Persecution of Eastern Orthodox Christians

Persecution of Eastern Orthodox Christians is the persecution faced by church, clergy and adherents of the Eastern Orthodox Church (Orthodox Christianity) because of religious beliefs and practices. Orthodox Christians have been persecuted in various periods when under the rule of non-Orthodox Christian political structures. In modern times, anti-religious political movements and regimes in some countries have held an anti-Orthodox stance.

Catholic activities in Early modern Europe

Polish–Lithuanian Commonwealth

Christian denominations in Polish-Lithuanian Commonwealth in 1573 (Catholics in yellow, Orthodox in green, Protestant in purple/gray)

During the 16th century, under the influence of the Catholic Counter-Reformation, rising pressures towards Orthodox Christians in White Ruthenia and other Eastern parts of Polish-Lithuanian Commonwealth led to the enforcement of the Union of Brest in 1595-96. Until that time, most Belarusians and Ukrainians who lived under the rule of Polish-Lithuanian Commonwealth were Orthodox Christians. Pressed by the state authorities,[citation needed] their hierarchs gathered in synod in the city of Brest and composed 33 articles of Union, which were accepted by the Roman Catholic Church.

At first, the Union appeared to be successful, but soon it lost much of its initial support,[1] mainly due to its forceful implementation on the Orthodox parishes and subsequent persecution of all who did not want to accept the Union.[citation needed] Enforcement of the Union stirred several massive uprisings, particularly the Khmelnytskyi Uprising, of the Zaporozhian Cossacks and together alliance of Ukrainian Catholics and Belarussian-Ukrainian Orthodox because of which the Commonwealth lost Left-bank Ukraine.[citation needed]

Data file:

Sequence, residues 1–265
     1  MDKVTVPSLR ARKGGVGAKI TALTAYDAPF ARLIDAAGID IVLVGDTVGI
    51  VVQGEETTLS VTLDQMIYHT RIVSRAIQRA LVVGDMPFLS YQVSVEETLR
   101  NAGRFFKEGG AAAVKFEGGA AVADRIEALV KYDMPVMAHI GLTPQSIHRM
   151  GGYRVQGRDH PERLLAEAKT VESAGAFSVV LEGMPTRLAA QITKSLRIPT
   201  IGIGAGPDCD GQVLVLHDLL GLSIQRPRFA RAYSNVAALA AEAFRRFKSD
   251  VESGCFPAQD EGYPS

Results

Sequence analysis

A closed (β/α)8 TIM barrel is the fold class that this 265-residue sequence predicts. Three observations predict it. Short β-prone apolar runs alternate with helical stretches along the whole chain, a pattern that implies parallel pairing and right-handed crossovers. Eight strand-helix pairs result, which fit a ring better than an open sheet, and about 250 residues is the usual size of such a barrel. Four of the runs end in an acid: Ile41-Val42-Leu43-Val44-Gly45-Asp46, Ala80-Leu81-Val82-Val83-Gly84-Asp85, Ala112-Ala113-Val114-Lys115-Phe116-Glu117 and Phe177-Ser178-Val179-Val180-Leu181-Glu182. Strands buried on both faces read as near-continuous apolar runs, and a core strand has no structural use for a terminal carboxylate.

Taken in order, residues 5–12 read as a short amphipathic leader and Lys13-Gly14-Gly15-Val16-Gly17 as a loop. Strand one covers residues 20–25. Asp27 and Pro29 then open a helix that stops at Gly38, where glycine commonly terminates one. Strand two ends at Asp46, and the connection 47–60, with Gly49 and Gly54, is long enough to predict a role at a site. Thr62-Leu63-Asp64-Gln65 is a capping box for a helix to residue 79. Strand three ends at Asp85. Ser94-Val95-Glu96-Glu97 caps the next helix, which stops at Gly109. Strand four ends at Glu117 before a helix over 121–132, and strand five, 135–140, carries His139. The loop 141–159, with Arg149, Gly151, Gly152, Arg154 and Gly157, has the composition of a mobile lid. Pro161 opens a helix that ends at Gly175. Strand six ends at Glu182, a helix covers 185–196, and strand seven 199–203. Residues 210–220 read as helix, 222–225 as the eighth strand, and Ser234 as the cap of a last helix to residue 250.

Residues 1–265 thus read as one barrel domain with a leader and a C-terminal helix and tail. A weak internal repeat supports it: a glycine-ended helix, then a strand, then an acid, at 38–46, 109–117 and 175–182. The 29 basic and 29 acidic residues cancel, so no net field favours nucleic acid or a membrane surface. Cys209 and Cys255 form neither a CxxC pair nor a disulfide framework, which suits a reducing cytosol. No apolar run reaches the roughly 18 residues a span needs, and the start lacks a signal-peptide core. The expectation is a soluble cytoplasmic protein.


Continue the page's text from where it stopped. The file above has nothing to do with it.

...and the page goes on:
In 1656, Greek Orthodox Patriarch of Antioch Macarios III Zaim lamented over the atrocities committed by the Polish Catholics against followers of Eastern Orthodoxy in various parts of Ukraine. Macarios was quoted as stating that seventeen or eighteen thousand followers of Eastern Orthodoxy were killed under hands of the Catholics, and that he desired Ottoman sovereignty over Catholic subjugation, stating:

God perpetuate the empire of the Turks for ever and ever! For they take their impost, and enter no account of religion, be their subjects Christians or Nazarenes, Jews or Samaritians; whereas these accursed Poles were not content with taxes and tithes from the brethren of Christ...[2]

Habsburg Monarchy

Since the many migrations of Serbs (predominantly and traditionally Eastern Orthodox) into the Habsburg Monarchy beginning in the 16th century, there were efforts to Catholicize the community. The Orthodox Eparchy of Marča became the Catholic Eparchy of Križevci after waves of Uniatization in the 17th and 18th centuries.[3] Notable individuals active in the Catholicisation of Serbs in the 17th century include Martin Dobrović, Benedikt Vinković, Petar Petretić, Rafael Levaković, Ivan Paskvali and Juraj Parčić.[3][4][5] Catholic bishops Vinković and Petretić wrote numerous inaccurate texts meant to incite hatred against Serbs and Orthodox Christians, some of which included advice on how to Catholicize the Serbs.[6]